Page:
An international mediator warned of civil war in Honduras after the failure of talks between representatives of the country’s rival governments.
Talks broke down late on Sunday after representatives of the de facto rulers rejected a proposal by mediator Oscar Arias, the Costa Rican president, that ousted leader Manuel Zelaya return as president in charge of a “reconciliation” government.
Arias, who has won a Nobel Peace Prize for his work resolving conflict in Central America, warned that Honduras was at the brink of “civil war and bloodshed.”
“We have started organizing internal resistance for my return to the country,” Zelaya told reporters in Nicaragua, where he has been based since he was forced out by the army on June 28.
Arias pleaded for the talks to resume after a 72-hour break, but there was no sign his appeal would be heeded, though sources close to the negotiations said the two sides might meet again on Wednesday.
Neither Zelaya nor the head of the de facto government, Honduran congress leader Roberto Micheletti, were in Costa Rica for the talks.
Micheletti’s representatives took exception to Arias’s use of the words “civil war.” Its deputy foreign minister, Martha Lorena Alvarado, accused the Costa Rican president of “taking us towards a situation of near-panic” with the phrase.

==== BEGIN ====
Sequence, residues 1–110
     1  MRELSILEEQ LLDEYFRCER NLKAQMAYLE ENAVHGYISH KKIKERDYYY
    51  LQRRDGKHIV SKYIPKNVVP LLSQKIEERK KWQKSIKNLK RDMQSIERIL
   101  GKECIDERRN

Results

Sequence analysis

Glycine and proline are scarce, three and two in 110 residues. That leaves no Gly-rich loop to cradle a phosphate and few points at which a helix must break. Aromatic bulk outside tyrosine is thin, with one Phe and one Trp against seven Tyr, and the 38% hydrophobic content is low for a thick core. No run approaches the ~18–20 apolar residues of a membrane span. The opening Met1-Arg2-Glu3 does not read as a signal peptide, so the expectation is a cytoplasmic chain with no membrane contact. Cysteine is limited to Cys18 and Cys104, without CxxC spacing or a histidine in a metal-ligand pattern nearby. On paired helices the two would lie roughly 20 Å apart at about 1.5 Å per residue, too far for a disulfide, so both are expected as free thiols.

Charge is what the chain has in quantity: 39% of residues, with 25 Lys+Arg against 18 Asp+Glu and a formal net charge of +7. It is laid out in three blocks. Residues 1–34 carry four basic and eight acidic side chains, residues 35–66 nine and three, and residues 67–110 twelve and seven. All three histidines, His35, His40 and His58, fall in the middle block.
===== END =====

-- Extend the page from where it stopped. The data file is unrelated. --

She welcomed the call for 72 hours’ reflection, but ruled out allowing Zelaya’s return as president.
Micheletti’s government has promised to arrest Zelaya if he does return and prosecute him for treason and 17 other charges.
Zelaya’s supporters in Honduras, however, said they would intensify their protests pressing for his reinstatement. They called a strike for Thursday and Friday.
The leader of the National Front Against the Coup d’Etat, Berta Caceres, said her group opposed Arias’s plan for a reconciliation government that included what she termed “the putschists.”
The secretary-general of the Organization of American States, Jose Miguel Insulza, said his body would press Honduras’s de facto government to recognize “this is a coup that failed.”
The OAS would hold a meeting Monday on Honduras, he said. Zelaya has vowed to go back to Honduras with or without agreement from his rivals.
He tried to fly back on July 5 on a plane borrowed from his ally, Venezuelan President Hugo Chavez, but aborted the landing when Honduran military vehicles parked on the runway.
Rumors suggested he might next try to cross the border from Nicaragua.
Many Honduran lawmakers, judges and military leaders believe Zelaya triggered the crisis by organizing a June 28 referendum, without congressional approval, on changing the Constitution.
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